Massachusetts maxes out on minimum wage, but is $11 enough?

Gov. Deval Patrick puts his John Hancock to the legislation, Massachusetts will have the highest state minimum wage in the country. By 2017, minimum wage workers can look forward to earning $11 an hour. Ten other states have raised their minimum wages above the current federal minimum of $7.25 an hour.

Raise Up Massachusetts, the advocacy group that campaigned for higher wages and had gained enough signatures for a ballot question, declared victory and plans to fold up shop.

But there is a caveat in the fine print: the increase is not indexed to inflation. The House nixed the Senate’s indexing provision. During discussions in the House regarding the increase, Rep. Geoff Diehl, a Whitman Republican, declared, “Indexing anything to inflation would be a mistake…I want to remind everyone that small businesses make up 80 percent of our economy and they may start taking losses.”

 

Yet as prices rise, employees’ wages will not keep pace and, more likely than not, advocates for low-wage workers will be right back at it in a few years, arguing that $11 an hour is not keeping up with the cost of living.

There is a related quandary: Is an $11 minimum wage the magic number for Massachusetts? Brookings Institution economist Arindrajit Dube thinks not. Calling his proposal a “thoughtful minimum wage,” Dube suggests that a “median-adjusted target minimum” would enable more workers to move out of poverty.

Using Dube’s calculations, the Bay State minimum wage would increase from the current $8 an hour, and beyond $11 an hour, to $12.45 an hour. His approach would also index the state minimum wage to the regional consumer price index. Such a move “eliminates the need for revisiting a contentious policy issue year after year,” he says.

The Massachusetts Budget and Policy Center  notes in a mid-May policy brief that two of the three proposals that the Legislature considered indexed the minimum wage, which was a good thing. Mass Budget explained that prior to the start of indexing… (i.e., during the phase-in period), inflation will gradually reduce the real value of the stepped wage increases, even as they occur.” In other words, by the time the Massachusetts minimum wage peaks at $11 in 2017, workers will already be earning less.

Even so, there is an upside, particularly for low-wage workers outside Greater Boston. In a new policy brief, Mass Budget concludes that the increase will have a significant impact in regions of the state where there are large numbers of low-wage workers.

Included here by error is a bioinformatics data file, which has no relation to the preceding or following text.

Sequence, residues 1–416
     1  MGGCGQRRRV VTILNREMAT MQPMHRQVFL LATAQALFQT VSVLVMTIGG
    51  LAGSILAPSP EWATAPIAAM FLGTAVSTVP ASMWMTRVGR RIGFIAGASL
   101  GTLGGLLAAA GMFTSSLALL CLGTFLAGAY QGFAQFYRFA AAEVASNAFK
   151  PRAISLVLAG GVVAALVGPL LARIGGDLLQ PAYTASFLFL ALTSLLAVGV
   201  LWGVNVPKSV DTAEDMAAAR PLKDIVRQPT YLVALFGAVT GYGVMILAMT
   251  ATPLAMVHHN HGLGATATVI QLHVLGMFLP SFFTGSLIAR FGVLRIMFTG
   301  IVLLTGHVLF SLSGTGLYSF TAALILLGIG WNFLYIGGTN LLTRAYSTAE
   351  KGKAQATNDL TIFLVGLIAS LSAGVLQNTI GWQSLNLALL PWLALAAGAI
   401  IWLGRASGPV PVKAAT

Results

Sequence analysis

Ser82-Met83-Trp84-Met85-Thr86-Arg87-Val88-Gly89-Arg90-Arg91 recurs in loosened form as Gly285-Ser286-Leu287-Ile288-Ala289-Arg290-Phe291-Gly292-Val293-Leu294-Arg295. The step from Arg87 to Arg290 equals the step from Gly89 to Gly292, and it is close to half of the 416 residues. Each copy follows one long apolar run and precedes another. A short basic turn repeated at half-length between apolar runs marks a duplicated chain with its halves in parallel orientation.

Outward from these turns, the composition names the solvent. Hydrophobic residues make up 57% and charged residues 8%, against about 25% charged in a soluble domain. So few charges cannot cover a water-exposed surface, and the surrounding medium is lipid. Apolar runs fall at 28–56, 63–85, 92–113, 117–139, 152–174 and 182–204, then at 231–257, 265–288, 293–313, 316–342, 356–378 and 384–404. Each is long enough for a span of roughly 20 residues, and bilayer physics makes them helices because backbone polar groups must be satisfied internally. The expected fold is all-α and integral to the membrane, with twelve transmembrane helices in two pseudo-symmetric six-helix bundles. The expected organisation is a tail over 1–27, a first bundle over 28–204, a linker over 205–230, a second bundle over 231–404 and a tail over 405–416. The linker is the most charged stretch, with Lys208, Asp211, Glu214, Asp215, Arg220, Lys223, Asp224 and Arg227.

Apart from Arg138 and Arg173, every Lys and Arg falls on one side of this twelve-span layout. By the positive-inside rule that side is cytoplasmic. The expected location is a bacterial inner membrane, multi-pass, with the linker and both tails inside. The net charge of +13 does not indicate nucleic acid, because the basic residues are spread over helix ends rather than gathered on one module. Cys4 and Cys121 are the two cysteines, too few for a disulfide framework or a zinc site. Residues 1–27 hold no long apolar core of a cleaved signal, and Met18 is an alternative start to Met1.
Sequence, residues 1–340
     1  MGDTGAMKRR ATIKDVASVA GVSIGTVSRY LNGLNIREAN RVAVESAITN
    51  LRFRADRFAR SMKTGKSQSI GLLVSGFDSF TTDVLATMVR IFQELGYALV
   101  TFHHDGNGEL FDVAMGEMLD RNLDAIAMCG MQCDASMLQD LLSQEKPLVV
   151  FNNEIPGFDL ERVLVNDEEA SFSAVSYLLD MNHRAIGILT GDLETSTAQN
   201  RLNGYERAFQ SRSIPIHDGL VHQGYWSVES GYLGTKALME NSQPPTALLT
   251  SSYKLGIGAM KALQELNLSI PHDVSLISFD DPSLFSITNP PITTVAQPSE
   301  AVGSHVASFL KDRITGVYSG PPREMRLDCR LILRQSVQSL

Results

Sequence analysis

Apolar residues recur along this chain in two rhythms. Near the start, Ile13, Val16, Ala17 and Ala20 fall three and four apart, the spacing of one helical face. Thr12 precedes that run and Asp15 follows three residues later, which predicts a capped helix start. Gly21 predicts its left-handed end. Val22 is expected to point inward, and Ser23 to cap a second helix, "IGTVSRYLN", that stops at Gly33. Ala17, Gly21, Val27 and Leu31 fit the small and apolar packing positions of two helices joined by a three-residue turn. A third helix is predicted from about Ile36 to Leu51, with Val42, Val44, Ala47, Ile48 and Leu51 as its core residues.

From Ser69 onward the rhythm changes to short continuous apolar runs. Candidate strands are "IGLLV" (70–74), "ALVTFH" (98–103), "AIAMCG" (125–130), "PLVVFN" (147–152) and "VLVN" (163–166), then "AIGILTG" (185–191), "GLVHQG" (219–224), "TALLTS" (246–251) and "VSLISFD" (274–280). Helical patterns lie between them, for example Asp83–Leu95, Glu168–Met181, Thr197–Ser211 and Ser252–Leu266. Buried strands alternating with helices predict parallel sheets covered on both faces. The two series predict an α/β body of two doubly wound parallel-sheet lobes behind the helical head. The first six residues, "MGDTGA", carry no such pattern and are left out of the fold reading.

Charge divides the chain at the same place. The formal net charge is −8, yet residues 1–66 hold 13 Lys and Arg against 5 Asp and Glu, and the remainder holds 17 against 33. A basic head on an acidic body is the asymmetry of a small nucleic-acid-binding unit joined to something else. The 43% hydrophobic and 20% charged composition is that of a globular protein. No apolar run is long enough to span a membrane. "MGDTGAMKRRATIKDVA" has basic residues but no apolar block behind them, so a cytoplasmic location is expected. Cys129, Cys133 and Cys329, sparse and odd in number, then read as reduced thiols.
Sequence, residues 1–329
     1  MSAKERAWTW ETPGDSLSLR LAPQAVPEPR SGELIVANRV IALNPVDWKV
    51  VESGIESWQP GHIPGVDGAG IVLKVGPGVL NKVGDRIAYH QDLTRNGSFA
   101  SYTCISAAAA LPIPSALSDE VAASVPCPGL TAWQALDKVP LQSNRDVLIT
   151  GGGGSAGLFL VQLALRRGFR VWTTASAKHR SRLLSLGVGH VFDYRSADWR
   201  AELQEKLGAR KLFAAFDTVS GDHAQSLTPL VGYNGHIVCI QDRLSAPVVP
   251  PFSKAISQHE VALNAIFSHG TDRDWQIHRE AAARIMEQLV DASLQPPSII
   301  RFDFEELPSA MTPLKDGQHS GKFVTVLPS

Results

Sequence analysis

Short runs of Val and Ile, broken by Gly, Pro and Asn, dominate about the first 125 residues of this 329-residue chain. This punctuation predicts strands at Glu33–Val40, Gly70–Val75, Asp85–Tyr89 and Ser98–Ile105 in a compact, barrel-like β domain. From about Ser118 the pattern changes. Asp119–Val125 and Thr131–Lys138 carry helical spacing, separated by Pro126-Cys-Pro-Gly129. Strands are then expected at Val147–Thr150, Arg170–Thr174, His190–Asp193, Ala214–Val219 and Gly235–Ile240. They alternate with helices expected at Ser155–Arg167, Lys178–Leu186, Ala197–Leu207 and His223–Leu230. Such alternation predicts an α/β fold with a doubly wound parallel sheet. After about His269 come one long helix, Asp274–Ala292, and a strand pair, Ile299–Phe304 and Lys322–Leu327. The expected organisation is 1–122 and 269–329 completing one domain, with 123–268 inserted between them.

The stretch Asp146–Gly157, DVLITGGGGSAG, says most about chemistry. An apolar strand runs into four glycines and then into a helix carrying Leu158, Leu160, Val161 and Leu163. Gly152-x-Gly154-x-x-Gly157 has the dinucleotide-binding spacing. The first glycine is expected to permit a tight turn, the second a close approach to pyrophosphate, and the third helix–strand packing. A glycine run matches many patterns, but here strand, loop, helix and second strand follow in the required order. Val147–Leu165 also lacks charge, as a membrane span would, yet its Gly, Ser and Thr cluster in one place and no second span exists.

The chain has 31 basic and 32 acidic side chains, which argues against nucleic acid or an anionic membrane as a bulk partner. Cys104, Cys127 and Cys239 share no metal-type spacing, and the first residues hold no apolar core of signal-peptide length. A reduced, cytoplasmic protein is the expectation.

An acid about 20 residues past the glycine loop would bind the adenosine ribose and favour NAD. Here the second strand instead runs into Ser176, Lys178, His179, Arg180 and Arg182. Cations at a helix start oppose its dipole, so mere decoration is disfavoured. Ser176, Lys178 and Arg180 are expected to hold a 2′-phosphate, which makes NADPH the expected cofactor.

Predictably, there’s a split on whether the $11 an hour wage is good for the state economy.   Opponents echo Rep. Diehl’s warnings that an exodus of businesses fleeing to lower wage states will produce higher unemployment.

The Gloucester Times underlines these fears: “If setting wages by force of law is good and more money per hour is better than less money per hour, why stop at $11 per hour? Why not set the minimum wage at $15 per hour or even $20? Why not go for broke and make it $25?” Likewise, the Boston Business Journal asks, “How are employers going to pay for it?”

Supporters such as The Hampshire Gazette take a different view: “Even if raising the state’s minimum wage causes some employers not to fill openings, lawmakers had an obligation to their lowest-income constituents to move the needle on pay.”

–GABRIELLE GURLEY  

CASINOS

The Supreme Judicial Court says Attorney General Martha Coakley erred in rejecting an initiative petition for a vote on casinos and ordered the referendum to be placed on the ballot in November.

Boston extends its talks on a surrounding community agreement with Wynn Enterprises until Wednesday and until Friday with Mohegan Sun, the Associated Press reports.

BEACON HILL

A pair of lawmakers testified in the federal corruption trial of former Probation officials that in 2007 they got calls out of the blue from then-House Ways and Means Chairman Robert DeLeo, who had his eye on the speaker’s chair, offering them probation jobs to hand out to supporters. The sitting state reps also said support from leadership was essential in securing patronage jobs at the department, CommonWealt reports.  Broadside on NECN tries to sort out the legal, political, and moral issues involved with the Probation trial.

With a new minimum wage law nearing approval, a group advocating for a ballot question on the matter withdraws the measure, the Associated Press reports.

MUNICIPAL MATTERS

A federal appeals court refuses to block Worcester’s anti-panhandling statute while a court case on the matter proceeds. The statute affects panhandling in traffic by the homeless as well as nonprofit groups raising money for causes, the Telegram & Gazette reports.